The 2020-21 Federal Budget has been announced.

We have summarised below the key changes that may be specifically relevant to you as a Doctor.

The COVID-19 pandemic and recession have underpinned policy direction, as anticipated. The Budget was definitely aimed at business and creating jobs, rather than individuals already in jobs.

Please note that as with every Budget, the government announcements outlined are proposals only and need to successfully pass through Parliament before becoming law. Announcements may be subject to change during this process.

The key announcements in the Budget that may be relevant to you are:

Lower Income Tax

The major benefit contained in the Federal Budget for individuals was income tax cuts.

These tax cuts will be back-dated to begin on 1 July 2020 and extend the upper threshold for the 19 percent tax rate from $37,000 to $45,000 and the 32.5% rate upper threshold from $90,000 to $120,000.

The table below illustrates the tax savings for example taxable incomes:

Taxable income Current tax payable Proposed tax payable Tax saving
$20,000 $0 $0 $0
$40,000 $4,467 $3,887 $580
$60,000 $11,067 $9,987 $1,080
$80,000 $18,067 $16,987 $1,080
$100,000 $25,717 $24,187 $1,530
$120,000 $34,117 $31,687 $2,430
$180,000 $57,697 $55,267 $2,430
$200,000 $67,097 $64,667 $2,430
$500,000 $222,422 $219,992 $2,430
$1,000,000 $479,747 $477,317 $2,430

Our thoughts:

The proposed bring-forward of the tax cuts are largest for those with annual incomes of $120,000 and above.

However, Doctors still in training, and lower earning partners and family members should also benefit if earning more than $37,000 per annum.

You may wish to consider utilising your tax savings to boost your wealth creation or reduce your debt.


Tax Offsets – possible extra tax savings for low to middle income earners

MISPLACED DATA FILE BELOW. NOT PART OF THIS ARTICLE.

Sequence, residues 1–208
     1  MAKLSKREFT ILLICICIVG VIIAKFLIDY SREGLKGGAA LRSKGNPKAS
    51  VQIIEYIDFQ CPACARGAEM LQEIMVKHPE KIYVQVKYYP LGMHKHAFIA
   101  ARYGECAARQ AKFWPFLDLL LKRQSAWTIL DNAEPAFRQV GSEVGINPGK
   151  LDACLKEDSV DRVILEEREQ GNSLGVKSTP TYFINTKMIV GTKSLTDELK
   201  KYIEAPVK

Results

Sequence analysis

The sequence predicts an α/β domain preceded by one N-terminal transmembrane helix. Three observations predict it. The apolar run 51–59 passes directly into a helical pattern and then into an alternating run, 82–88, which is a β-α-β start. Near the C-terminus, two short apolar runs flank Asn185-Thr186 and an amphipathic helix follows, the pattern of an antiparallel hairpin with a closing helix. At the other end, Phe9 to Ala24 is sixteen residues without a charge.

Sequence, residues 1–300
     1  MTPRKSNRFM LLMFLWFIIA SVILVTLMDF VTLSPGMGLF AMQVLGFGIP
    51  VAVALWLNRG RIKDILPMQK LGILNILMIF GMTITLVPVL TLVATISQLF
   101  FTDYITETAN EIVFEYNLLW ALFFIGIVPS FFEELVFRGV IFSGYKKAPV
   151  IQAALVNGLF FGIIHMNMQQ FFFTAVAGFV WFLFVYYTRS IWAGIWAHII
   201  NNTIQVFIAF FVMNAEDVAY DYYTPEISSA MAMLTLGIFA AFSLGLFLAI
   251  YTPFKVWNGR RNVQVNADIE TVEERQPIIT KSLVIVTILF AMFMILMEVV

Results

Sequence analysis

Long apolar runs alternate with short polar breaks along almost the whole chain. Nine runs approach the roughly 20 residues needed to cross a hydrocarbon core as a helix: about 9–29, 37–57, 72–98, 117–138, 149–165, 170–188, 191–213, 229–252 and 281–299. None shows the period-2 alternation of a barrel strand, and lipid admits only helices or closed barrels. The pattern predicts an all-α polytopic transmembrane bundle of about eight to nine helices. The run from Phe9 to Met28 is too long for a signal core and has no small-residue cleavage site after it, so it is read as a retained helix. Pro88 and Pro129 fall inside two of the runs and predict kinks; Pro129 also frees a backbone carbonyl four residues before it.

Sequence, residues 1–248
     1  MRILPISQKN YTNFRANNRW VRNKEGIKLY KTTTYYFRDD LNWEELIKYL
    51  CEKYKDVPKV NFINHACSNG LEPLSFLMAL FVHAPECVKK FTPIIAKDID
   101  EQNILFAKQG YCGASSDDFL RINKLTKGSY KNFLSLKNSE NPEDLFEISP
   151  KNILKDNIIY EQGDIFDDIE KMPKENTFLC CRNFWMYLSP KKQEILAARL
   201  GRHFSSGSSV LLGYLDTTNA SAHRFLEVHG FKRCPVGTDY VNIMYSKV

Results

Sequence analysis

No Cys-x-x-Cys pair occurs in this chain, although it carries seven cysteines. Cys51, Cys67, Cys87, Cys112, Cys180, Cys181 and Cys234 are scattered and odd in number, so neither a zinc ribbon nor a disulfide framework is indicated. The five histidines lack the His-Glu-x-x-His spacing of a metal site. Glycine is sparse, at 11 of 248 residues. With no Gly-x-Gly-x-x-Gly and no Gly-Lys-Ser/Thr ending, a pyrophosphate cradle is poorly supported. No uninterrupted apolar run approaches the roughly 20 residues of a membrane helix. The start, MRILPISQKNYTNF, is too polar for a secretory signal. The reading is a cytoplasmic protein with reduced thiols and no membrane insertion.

The low income tax offset (LITO) — essentially a lump sum payment to you via your tax return – for incomes below $37,000 will increase from $445 to $700 from 1 July 2020.

The low to middle income tax offset (LMITO) will also be retained through to 30 June 2021 with tax relief of:

  • $1,080 for single earners
  • $2,160 for dual income families

The full tax relief of $1,080 is available to individuals with taxable income between $48,000 and $90,000. Taxpayers with income below this level will be eligible for an offset of between $255 and $1,080.

Our thoughts:

Doctors who are still training, and lower earning partners and family members may benefit from one or both of these.

Again, you may wish to consider utilising any such tax savings to boost your wealth creation or reduce your debt.


Further extension to the instant asset write-off

Small businesses, including most self-employed Doctors, will be able to deduct the full cost of eligible capital assets (no cap) incurred between 7 October 2020 and 30 June 2022.

Eligible capital assets include:

  • New depreciable assets e.g. car, medical or computer equipment
  • The cost of improvements to existing eligible assets
  • Second-hand assets e.g. car or medical equipment